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Business

Pittsburgh sets economic pace for region

| Friday, Nov. 5, 2004

Southwestern Pennsylvania needs to identify and nurture small businesses to help them along and set the stage for sustained regional growth to reverse anemic economic and demographic trends, local experts said Thursday.

Westmoreland County, along with the rest of the region, should be concerned about the fates of US Airways and the city of Pittsburgh, as failure by one or both would damage regional employment levels and the ability to attract new business.

"People tend to think it's a Pittsburgh problem. But Pittsburgh is a bellwether. It will set the stage for a lot of other communities," said Jerry Paytas, Ph.D., director of Carnegie Mellon University's Center for Economic Development. The research and policy center is an affiliate of Carnegie Mellon's H. John Heinz III School of Public Policy and Management.

Paytas spoke at Westmoreland County's third-annual economic development seminar, sponsored by the Westmoreland County Area Labor Management Committee at Westmoreland County Community College near Youngwood.

The city of Pittsburgh's finances are being scrutinized by a state-appointed oversight board, created by the General Assembly in February. Gov. Ed Rendell's administration appointed a separate recovery team after declaring Pittsburgh a distressed municipality under state Act 47 in December. US Airways, the nation's seventh-largest airline, filed for Chapter 11 bankruptcy protection in September.

Paytas said about two-thirds of municipalities in western Pennsylvania are spending money faster than revenue is growing.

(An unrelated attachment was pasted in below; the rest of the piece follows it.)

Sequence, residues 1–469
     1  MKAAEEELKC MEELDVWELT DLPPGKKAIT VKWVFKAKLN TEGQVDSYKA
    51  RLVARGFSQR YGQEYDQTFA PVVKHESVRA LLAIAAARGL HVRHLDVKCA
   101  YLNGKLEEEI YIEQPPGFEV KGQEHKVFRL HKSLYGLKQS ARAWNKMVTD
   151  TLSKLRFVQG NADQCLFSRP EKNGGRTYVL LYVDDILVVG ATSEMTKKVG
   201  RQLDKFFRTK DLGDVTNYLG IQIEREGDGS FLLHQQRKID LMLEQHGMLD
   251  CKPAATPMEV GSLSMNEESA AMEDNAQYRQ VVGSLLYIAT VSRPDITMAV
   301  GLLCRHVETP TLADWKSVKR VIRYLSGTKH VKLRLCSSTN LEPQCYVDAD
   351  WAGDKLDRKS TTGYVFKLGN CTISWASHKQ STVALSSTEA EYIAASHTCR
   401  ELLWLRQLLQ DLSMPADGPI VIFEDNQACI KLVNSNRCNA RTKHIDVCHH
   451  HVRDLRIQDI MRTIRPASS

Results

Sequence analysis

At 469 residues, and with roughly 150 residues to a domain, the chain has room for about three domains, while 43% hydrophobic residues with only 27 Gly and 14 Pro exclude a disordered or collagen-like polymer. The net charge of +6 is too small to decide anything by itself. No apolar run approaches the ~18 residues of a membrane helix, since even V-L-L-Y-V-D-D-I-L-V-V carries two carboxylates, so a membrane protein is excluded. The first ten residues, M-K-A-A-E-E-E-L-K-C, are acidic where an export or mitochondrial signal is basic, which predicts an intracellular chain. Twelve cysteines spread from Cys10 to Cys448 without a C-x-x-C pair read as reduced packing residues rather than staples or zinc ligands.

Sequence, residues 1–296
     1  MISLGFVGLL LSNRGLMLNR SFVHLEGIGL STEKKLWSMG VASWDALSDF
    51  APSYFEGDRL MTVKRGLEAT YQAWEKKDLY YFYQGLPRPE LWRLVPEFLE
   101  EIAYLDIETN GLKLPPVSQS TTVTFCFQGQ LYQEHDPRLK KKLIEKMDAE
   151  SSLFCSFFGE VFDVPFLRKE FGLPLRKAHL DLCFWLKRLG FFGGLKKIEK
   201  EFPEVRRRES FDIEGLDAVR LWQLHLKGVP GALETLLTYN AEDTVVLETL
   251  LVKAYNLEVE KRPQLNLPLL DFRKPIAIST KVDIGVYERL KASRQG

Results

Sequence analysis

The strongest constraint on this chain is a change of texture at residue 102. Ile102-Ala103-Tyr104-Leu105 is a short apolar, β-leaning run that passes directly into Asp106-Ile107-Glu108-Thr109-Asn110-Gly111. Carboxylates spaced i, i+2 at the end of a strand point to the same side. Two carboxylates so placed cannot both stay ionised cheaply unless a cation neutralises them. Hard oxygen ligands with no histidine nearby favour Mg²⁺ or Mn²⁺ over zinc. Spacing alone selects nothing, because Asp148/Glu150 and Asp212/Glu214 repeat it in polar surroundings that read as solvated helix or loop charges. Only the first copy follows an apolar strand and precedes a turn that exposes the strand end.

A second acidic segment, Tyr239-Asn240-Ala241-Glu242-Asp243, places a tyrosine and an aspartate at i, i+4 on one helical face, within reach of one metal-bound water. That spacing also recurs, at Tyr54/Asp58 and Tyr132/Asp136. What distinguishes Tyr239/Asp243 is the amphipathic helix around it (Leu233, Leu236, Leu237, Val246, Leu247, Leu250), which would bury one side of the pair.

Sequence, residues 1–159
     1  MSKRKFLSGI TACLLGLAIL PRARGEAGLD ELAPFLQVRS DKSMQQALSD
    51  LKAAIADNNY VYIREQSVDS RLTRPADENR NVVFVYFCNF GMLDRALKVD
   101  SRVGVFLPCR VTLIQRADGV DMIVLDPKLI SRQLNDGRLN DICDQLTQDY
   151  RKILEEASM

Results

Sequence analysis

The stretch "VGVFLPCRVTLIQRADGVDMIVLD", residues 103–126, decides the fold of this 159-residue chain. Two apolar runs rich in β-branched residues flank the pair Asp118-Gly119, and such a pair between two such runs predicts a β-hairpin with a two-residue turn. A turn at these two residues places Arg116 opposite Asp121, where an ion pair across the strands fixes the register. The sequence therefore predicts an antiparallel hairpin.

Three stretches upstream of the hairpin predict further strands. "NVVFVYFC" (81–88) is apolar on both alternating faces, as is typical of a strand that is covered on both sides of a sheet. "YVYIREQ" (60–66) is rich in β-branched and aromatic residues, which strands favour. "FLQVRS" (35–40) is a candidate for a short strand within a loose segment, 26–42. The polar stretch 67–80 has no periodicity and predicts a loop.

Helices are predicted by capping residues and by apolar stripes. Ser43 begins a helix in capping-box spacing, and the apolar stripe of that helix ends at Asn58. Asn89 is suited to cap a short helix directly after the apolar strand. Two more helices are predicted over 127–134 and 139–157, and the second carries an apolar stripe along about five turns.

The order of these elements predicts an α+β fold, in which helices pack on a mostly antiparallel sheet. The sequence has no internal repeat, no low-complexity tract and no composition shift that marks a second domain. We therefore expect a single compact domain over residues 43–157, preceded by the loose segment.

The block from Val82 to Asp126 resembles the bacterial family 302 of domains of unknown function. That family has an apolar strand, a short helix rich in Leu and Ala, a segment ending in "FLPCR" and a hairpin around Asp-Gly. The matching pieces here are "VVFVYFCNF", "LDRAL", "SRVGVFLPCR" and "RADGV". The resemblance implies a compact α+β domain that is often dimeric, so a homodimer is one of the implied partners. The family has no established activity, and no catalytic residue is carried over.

"Why should Westmoreland County care what happens in Pittsburgh• You have people who work for companies in Pittsburgh, and companies here are customers of businesses in Pittsburgh," said Paytas.

Uncertainty over the fate of US Airways also stunts business growth and capital investment, said Larry J. Larese, executive director of the Westmoreland County Industrial Development Corp. "We know there will be (air) service, we just don't know who will provide it. Companies are not making decisions about expansions, based in part, on available services," he said.

Paytas said the recent expansion of LeedsWorld in Westmoreland County is a perfect example of progress. "The growth will come from finding small firms that will become big companies," he said.

In June, LeedsWorld announced plans to expand its plant in the Business & Research Park in Upper Burrell and Washington townships, a move that is expected to create 300 jobs. LeedsWorld operates in the promotional products industry. The company moved to Westmoreland County in 1988, employing 100 people. The expansion is expected to raise the employment level to 800.

Paytas said research shows that 69 percent of all businesses in the Pittsburgh Metropolitan Statistical Area -- which includes Allegheny, Armstrong, Beaver, Butler, Fayette, Washington and Westmoreland counties -- have less than 20 workers and 84 percent have less than 500 workers.

Larese said Westmoreland County did sustain growth this year. He said the county's industrial development corporation sold or optioned almost 73 acres of industrial park property and leased 220,765 square feet of property. Larese said almost $100 million worth of highway funding projects are on the drawing board for fiscal year 2005.

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